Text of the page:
The long dominance of liberation theology is at the root of the decline of Catholicism in Brazil, according to Friar Clodovis Boff.

Boff was an important theologian of liberation theology … . [Now] Boff has written a book calling for a re-centering of the Latin American Catholic Church in Christ. “It is necessary for the Church to once again emphasize Christ as priest, as master and Lord, and not just the fight against poverty and the climate crisis,” he said at the launch of the book The Crisis in the Catholic Church and Liberation Theology.

In the late 1960s, when liberation theology began its long dominion of religious thought in Brazil, more than 90% of Brazilians were Catholics.

Since then, the percentage of Catholics in the Brazilian population has decreased and now stands at 51%.

Moreover, Brazilian Catholics have a very low rate of church attendance. A survey conducted by Georgetown University’s Center for Applied Research in the Apostolate (CARA) in 36 countries last year showed that only 8% of Brazilian Catholics go to Mass on Sunday. The rate was the third lowest among the analyzed countries.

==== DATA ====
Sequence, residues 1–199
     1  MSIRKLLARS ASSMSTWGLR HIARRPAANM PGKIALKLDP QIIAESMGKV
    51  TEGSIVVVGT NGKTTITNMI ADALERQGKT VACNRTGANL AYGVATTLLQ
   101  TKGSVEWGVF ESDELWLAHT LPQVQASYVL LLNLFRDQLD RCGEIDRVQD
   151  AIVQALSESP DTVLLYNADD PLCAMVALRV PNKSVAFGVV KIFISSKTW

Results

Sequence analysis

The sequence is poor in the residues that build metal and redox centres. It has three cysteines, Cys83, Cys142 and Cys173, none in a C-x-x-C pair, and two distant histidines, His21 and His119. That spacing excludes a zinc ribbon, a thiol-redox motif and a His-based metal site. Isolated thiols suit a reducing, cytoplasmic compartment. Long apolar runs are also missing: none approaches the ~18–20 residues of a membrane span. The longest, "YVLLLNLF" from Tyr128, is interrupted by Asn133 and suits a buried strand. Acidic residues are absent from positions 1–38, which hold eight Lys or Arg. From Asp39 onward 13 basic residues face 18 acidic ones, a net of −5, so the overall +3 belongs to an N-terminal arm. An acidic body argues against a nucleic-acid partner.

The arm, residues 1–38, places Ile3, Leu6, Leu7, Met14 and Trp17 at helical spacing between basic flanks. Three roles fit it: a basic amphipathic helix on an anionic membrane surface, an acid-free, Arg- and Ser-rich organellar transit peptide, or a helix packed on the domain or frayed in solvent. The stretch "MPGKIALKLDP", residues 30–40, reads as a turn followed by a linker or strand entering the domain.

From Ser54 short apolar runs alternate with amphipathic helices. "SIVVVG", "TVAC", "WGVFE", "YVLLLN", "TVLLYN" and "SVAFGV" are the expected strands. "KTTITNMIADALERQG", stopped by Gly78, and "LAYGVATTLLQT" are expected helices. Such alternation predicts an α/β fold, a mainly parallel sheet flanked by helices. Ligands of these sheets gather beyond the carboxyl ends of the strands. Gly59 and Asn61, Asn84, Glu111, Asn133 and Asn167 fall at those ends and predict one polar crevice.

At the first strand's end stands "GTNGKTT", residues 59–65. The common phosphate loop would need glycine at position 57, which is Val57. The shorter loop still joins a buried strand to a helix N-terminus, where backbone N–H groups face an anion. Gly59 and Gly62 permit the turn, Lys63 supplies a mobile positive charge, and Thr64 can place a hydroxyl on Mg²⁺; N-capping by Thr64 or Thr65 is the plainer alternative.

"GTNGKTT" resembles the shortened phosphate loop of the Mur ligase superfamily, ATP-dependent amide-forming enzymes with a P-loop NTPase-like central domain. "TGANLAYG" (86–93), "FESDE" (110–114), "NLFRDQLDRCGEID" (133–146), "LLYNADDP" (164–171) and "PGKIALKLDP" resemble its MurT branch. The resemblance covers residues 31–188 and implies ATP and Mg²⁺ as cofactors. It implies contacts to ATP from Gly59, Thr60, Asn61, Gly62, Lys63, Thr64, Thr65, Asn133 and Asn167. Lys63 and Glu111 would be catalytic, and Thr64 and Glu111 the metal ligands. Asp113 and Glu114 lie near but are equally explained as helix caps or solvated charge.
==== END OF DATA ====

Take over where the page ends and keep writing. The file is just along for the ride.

For Boff and Rasera, the decline in church attendance is due to the deposit of faith not being passed on.

According to the friar, this is leading many Catholics to Protestantism, esotericism, neopaganism, and even Satanism.

Maybe the Lilly Foundation can bail out the Catholic church in Brazil. Or just acquire it (see Christianity Today).

 

John Zmirak is a senior editor at The Stream and author or co-author of ten books, including The Politically Incorrect Guide to Immigration and The Politically Incorrect Guide to Catholicism. He is co-author with Jason Jones of “God, Guns, & the Government.”